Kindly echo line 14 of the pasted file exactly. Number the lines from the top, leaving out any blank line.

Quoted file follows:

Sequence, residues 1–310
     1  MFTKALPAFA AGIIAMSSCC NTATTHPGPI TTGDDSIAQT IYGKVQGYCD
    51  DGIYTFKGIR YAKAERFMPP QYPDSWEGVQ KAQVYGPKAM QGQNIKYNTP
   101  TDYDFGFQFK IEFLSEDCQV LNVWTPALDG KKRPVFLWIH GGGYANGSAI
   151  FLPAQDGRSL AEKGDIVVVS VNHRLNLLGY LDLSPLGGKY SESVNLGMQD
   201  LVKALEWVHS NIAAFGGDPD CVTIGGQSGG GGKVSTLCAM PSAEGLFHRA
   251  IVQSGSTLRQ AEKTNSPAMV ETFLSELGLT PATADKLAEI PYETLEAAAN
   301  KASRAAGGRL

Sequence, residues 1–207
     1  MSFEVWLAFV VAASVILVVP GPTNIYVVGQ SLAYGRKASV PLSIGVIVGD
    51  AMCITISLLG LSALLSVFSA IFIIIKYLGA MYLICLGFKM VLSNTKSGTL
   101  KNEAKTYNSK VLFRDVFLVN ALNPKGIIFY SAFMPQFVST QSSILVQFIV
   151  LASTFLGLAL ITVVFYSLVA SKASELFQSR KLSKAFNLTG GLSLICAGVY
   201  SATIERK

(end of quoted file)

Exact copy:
   201  SATIERK